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The Death of the Bee

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It was a glowing summer morning, the kind when you wake up with the natural sunlight streaming in your window and you have the most delicious tingling sensation of being alive. The three bird families who lived in our yard were chirping in their bright enthusiasm as the wind caressed the fluffy clouds with an airy grace that created an effect not unlike van Gogh’s The Wheat Fields.

A brisk staccato on the paving stones of our garden path drew my attention. A furry little bee was frantically beating on the unmoving stone. A closer look revealed that the stinger of the bee was gone. The pathetic creature had foolishly stung some innocent neighbor, I thought, turning back to the leaking bucket with which I was watering droopy basil plants.

Yet somehow, I could not draw my eyes for long from the struggling bee before me. There was something intriguing about this desperate confrontation with Death that attracted me.

The bee’s frail front legs tapped the rough stone, as if beating out its own death roll. It seemed that some external unearthly power possessed him. Around and around the paving stone he spun with a feverish dervish-like vigor. He strained to reach yet another corner and another of that pale pink slab of stone. By and by, the incessant tapping like a clock slowed, lapsing into a weak staccato on the edge of that slab.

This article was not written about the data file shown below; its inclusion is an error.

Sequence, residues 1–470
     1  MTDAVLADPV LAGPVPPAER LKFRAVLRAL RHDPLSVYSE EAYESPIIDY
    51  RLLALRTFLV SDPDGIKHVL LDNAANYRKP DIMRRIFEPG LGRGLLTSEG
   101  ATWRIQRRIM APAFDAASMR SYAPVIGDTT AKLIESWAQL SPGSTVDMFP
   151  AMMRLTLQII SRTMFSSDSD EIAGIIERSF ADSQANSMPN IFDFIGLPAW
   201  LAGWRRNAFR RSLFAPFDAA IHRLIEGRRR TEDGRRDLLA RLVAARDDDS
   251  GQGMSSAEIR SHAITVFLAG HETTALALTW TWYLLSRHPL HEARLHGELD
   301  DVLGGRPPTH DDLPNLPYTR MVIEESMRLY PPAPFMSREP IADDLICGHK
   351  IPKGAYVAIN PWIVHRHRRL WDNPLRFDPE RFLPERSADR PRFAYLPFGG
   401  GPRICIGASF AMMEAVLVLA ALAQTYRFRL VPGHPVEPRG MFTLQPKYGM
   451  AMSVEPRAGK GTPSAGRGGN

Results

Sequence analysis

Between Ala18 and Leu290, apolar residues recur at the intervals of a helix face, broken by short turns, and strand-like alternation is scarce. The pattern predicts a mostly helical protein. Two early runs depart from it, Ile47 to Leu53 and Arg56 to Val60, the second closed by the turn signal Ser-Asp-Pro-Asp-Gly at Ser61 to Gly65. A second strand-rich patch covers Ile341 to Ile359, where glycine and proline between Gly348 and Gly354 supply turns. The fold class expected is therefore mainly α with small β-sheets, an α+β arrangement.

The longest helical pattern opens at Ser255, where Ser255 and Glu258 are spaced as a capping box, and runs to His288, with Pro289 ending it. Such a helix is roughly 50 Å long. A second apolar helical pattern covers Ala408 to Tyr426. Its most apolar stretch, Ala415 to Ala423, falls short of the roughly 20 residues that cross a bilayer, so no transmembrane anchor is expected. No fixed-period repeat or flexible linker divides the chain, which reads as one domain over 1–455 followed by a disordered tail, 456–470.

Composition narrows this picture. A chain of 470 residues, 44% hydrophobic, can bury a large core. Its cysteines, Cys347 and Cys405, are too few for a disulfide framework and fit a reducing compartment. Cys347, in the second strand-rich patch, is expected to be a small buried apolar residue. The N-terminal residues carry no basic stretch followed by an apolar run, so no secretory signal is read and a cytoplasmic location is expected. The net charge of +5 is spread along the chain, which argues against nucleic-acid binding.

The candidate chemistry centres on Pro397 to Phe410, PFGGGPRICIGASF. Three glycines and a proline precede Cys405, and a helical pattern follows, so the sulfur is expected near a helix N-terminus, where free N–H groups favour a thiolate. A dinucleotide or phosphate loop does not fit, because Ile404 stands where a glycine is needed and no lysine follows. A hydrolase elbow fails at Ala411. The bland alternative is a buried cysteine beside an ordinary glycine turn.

Suddenly his body was wracked by awful spasms. The bee repeatedly flung himself into the air, only to crash onto his back, waving his spindly legs in agony. He shook violently, his short little body arching and then collapsing into the stone. A huge shiver convulsed him, and he seemed to lose the thread of vitality that still tethered him to life.

I turned away. Had the bee known that he would die if he stung someone? And if he did, why would the bee panic and sting someone to protect himself even when one little prick led to inevitable death? Why suffer so much for a moment of panic and defense instinct? Or was it some spiteful revenge in the moments of what he believed was imminent, inescapable death?

He caught my eye once more. With a desperate flutter, he flung himself with almost human strength back on his legs. He made a tremendous effort to regain his former drumming. Now, it was as painstakingly slow as the ticking of a clock. It eerily counted down his remaining seconds of life.

A queer mixture of emotions made me feel repulsed and yet simultaneously attracted with a sort of morbid fascination to the valiant but futile grapple with Death. Everything was still so alive and vibrant when the ticking ceased and the bee flopped down limply on that paving stone. Death was taking away his life energy and giving it to the rest of the world. The bee was nothing but one node out of millions in an infinite parallel circuit of life. What did his effort count in the face of overwhelming humanity?

A final spasm shuddered through the bee. Its legs waved weakly one last time and froze in the stiff posture of death. And it was over.

Does one still fight a battle one is destined to lose?

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The Death of the Bee